In Finland, the Orthodox Church may marry two baptized members of a Christian community, provided that at least one of them is a member of the Orthodox Church. If the marriage is performed by, for example, a government official, the marriage may be blessed with a short prayer service. Before marriage, an investigation of any impediments to marriage must be carried out by the local register office. You can request for an investigation also through the parish customer service. In this case, both members of the couple must be present. The investigation will enter into force approximately one week after making the request, and it is valid for four months after it has been issued.

You can agree on the date of the wedding by contacting the parish’s on-duty priest.

You can discuss the wedding ceremony and practical issues more in detail with the priest performing the ceremony.

Before the Wedding 

The investigation of impediments to marriage must be requested at least one week before the wedding day.

Contact the on-duty priest to reserve a wedding date. You can discuss the wedding ceremony and practical issues more in detail with the priest performing the ceremony.

Make sure that the bride and groom each have 2–3 crown bearers.

Wedding Ceremony

The wedding ceremony consists of two parts: the Betrothal Ceremony and the Crowning Ceremony.


The betrothal rings are delivered to the priest a moment before the start of the ceremony. Before the betrothal, the priest receives the betrothed couple at the back of the church. The bride may give the wedding bouquet (if she has one) to the maid of honor at the door for the duration of the ceremony. After reciting the betrothal prayers, the priest places the rings on the ring fingers of the bride and the groom as a sign of eternal devotion.

After the betrothal ceremony, the priest asks the couple, “Do you, N.N., with serious intent and out of your own free will, want to take this N.N standing here beside you, to be your lawfully wedded wife/husband?” The groom/bride should answer, “Yes, honorable father.” After the questions have been asked and answered, the priest solemnly escorts the couple, who are both holding candles, before the analogion set in the center of the church, on top of which the Gospel Book and a cross have been placed.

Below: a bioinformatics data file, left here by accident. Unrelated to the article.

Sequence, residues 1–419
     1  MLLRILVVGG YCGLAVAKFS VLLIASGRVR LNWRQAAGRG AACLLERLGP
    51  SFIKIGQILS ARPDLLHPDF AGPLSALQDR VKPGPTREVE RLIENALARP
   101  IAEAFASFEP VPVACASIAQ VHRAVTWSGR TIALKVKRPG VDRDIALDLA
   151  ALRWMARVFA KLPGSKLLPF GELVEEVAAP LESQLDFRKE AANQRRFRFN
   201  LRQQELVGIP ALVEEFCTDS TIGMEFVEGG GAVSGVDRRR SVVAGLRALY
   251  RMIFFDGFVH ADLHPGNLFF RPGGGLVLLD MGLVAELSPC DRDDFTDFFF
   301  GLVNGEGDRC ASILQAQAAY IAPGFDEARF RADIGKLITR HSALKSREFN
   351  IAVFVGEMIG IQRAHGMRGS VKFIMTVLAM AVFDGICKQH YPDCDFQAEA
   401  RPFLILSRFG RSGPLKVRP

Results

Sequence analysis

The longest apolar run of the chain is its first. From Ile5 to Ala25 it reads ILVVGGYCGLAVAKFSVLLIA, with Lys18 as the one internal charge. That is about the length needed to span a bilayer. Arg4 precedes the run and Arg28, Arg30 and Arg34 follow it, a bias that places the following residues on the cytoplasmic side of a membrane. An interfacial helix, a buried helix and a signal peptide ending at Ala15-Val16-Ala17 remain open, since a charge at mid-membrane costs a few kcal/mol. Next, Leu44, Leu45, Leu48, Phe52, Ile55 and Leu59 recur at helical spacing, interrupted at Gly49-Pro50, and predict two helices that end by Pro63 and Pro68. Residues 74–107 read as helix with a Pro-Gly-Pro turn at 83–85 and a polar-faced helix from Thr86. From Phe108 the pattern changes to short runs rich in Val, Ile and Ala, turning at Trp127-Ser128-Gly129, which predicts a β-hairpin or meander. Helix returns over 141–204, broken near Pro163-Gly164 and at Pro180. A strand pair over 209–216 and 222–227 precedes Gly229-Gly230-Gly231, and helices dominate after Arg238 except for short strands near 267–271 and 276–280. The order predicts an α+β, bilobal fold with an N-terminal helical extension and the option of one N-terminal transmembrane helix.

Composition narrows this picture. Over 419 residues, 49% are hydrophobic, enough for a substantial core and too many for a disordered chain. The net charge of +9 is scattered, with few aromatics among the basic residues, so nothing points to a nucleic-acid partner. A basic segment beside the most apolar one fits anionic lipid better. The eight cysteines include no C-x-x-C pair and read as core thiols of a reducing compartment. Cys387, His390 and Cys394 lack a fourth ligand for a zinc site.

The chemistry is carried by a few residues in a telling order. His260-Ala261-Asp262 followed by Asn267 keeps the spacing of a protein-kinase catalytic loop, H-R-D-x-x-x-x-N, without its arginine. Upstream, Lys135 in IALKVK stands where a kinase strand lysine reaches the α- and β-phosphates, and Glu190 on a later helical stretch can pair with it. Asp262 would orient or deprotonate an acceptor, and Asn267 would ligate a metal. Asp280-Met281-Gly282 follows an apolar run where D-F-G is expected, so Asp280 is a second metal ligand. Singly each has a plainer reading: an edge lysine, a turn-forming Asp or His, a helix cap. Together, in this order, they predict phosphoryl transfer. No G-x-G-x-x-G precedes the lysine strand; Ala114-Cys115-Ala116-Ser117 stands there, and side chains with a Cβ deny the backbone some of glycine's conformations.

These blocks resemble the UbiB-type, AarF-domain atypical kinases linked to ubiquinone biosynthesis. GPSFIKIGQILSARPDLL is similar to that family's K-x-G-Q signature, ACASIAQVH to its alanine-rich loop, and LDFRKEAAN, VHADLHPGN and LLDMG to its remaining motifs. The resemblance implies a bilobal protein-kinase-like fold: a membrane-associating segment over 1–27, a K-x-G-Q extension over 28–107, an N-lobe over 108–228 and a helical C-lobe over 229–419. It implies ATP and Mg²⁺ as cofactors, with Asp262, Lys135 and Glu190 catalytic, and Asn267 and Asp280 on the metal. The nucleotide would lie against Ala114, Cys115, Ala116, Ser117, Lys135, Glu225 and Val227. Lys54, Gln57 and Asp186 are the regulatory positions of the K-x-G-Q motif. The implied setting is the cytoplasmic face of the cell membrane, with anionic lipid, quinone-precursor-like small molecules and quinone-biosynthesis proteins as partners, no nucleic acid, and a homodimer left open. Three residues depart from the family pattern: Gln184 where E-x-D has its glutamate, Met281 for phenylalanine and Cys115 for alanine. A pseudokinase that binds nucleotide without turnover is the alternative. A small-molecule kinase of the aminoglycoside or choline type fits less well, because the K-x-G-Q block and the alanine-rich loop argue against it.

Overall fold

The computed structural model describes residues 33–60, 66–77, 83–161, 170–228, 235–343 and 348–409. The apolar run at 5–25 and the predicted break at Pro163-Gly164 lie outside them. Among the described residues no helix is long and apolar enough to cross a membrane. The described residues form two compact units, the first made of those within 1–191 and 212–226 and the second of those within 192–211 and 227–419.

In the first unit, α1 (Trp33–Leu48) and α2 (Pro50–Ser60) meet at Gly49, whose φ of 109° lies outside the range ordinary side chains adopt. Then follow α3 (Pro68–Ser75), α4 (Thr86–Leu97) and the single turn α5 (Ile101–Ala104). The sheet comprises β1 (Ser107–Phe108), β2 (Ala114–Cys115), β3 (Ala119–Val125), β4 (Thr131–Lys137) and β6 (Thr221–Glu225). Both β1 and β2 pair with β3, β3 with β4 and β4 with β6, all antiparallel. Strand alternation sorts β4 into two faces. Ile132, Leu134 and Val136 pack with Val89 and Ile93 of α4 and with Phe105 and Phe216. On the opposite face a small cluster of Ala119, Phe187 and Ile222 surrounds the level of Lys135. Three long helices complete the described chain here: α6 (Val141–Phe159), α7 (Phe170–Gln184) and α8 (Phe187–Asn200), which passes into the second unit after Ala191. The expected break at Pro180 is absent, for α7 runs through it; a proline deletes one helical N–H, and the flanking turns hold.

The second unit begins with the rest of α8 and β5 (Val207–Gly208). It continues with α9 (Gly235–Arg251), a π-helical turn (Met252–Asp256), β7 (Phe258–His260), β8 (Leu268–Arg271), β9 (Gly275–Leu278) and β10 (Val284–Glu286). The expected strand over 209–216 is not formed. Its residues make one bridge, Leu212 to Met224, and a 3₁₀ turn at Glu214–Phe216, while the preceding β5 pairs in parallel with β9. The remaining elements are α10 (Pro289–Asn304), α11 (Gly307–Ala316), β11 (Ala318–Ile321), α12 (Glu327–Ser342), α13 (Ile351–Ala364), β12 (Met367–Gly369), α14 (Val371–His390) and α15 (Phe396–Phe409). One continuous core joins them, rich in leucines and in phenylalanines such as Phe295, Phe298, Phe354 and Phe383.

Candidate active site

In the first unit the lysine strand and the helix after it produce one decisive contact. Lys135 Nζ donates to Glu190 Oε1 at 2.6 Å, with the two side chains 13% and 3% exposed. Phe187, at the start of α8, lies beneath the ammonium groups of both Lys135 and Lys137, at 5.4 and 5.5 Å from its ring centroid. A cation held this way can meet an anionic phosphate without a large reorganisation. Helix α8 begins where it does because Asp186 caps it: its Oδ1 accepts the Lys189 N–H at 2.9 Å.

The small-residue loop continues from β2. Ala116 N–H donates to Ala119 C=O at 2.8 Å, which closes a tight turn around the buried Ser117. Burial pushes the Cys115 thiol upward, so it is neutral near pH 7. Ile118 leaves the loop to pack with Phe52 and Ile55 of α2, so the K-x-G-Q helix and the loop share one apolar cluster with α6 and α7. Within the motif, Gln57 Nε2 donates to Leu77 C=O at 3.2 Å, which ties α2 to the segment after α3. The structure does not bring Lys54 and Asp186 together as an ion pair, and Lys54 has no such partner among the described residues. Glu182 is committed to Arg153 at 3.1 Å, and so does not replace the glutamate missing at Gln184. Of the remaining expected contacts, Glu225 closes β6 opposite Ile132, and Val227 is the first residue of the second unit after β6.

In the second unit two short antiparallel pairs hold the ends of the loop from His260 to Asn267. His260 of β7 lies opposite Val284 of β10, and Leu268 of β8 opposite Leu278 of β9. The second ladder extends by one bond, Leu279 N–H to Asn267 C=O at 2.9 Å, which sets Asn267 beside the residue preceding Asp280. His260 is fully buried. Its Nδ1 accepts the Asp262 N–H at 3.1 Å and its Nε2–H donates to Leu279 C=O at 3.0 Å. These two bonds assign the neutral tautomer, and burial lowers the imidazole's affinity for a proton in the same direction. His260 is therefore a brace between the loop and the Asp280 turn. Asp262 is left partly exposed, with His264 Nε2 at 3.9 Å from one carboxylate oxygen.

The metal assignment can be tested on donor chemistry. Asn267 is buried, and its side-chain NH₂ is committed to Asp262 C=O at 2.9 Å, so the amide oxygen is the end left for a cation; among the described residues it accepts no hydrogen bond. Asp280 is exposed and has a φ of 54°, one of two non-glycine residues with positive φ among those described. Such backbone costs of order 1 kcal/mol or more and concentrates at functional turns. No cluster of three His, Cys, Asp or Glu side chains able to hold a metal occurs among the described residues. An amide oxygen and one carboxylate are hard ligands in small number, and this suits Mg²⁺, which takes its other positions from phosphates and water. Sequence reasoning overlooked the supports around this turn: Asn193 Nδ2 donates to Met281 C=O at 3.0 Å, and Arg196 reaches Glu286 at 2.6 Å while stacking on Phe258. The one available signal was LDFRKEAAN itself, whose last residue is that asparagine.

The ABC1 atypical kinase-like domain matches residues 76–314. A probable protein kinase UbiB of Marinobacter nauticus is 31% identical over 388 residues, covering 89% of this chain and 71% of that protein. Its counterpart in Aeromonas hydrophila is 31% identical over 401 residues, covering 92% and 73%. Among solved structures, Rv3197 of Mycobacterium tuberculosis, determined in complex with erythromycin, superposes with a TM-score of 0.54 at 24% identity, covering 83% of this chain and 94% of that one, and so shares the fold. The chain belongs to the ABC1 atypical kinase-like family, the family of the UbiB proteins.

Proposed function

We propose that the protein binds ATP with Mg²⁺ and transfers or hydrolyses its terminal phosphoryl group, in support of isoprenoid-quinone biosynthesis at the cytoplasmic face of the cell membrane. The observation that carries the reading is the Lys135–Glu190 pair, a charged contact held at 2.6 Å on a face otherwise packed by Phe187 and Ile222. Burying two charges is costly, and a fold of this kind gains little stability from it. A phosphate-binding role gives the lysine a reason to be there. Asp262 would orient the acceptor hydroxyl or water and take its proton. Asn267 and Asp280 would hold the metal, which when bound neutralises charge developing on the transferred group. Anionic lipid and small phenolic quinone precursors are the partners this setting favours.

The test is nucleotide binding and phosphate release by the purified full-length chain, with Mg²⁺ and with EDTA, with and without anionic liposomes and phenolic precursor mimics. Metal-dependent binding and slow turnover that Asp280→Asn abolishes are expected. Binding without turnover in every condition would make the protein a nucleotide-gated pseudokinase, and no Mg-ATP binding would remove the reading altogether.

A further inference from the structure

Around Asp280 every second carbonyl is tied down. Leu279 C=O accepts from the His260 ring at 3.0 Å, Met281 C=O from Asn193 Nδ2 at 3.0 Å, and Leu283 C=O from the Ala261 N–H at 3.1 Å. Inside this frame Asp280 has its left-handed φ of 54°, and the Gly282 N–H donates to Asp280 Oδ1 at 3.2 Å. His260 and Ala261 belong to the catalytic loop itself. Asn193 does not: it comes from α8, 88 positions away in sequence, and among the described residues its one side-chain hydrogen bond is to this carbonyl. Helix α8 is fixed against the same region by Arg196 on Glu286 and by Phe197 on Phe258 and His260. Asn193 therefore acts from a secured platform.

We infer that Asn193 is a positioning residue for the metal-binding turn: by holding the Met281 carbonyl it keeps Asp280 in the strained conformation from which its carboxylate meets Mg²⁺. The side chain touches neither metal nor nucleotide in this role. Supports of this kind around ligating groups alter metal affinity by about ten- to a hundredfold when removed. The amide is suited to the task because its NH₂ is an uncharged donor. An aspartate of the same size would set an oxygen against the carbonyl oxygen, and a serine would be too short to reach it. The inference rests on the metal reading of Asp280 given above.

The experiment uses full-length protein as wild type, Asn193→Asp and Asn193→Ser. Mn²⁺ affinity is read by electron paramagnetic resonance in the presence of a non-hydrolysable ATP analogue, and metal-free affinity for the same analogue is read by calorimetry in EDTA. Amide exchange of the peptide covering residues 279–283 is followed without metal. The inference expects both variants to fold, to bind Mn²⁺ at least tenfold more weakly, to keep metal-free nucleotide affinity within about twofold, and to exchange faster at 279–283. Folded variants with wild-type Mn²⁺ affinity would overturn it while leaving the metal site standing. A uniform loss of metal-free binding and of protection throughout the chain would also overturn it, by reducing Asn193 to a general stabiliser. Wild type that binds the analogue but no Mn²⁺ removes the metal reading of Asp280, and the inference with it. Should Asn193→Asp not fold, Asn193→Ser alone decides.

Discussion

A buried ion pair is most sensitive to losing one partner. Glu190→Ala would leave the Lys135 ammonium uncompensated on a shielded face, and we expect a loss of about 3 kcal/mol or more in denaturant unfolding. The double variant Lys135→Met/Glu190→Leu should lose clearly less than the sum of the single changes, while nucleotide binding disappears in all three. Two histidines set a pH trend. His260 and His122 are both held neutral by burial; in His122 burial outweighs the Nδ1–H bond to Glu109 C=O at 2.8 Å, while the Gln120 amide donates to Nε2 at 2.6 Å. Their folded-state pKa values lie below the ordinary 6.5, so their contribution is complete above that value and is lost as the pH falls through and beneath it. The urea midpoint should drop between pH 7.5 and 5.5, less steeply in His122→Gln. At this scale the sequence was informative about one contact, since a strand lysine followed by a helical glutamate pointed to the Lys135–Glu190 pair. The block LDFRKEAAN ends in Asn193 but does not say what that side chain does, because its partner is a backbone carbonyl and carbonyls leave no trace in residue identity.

After the betrothal, the actual marriage ceremony – the crowning – is performed. Some parts of the crowning ceremony are similar to the Divine Liturgy. Even today, two persons of the Orthodox faith may be married during the Divine Liturgy. During the third marriage prayer the priest joins the couple’s hands together. This is followed by the crowning, which is done either with actual crowns kept in the church, or, as per the oldest tradition, with flower wreaths. If crowns are used, crown bearers are needed for both the bride and the groom from this moment until the end of the ceremony. The crown bearers hold the crowns above the couple’s heads. Two or three crown bearers for the bride and the groom each are usually enough.

After the crowning ceremony, the priest reads the epistle (Ephesians 5:20-33) and the Gospel (John 2:1-12). After reciting the Lord’s Prayer, the priest blesses the cup of wine and gives it to the bride and groom, who both take three sips from it. After the common cup ceremony, the priest leads the couple three times around the Gospel Book as a symbol of joy, eternity and commitment to the teachings of the Gospel. After this, followed by blessings, the bride and the groom remove the crowns from their heads, and the priest leads the couple before the holy doors of the altar, where the ceremony ends with the priest’s speech about marital life and wishes of many happy years to come. At the end of the ceremony, the couple receives congratulations and well-wishes in front of the altar.